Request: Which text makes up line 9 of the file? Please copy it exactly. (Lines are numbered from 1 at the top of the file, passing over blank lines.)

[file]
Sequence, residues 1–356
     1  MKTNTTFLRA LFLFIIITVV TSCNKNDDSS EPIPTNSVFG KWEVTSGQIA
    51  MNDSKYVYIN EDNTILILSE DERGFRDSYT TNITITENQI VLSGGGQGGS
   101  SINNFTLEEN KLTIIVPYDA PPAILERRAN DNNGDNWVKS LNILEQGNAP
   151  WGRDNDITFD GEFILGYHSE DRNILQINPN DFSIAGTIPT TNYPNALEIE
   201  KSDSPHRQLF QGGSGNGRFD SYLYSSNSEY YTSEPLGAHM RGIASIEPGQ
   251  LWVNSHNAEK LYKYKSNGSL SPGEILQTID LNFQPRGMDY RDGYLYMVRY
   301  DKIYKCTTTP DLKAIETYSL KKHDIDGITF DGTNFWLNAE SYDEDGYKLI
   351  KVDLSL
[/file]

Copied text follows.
   351  KVDLSL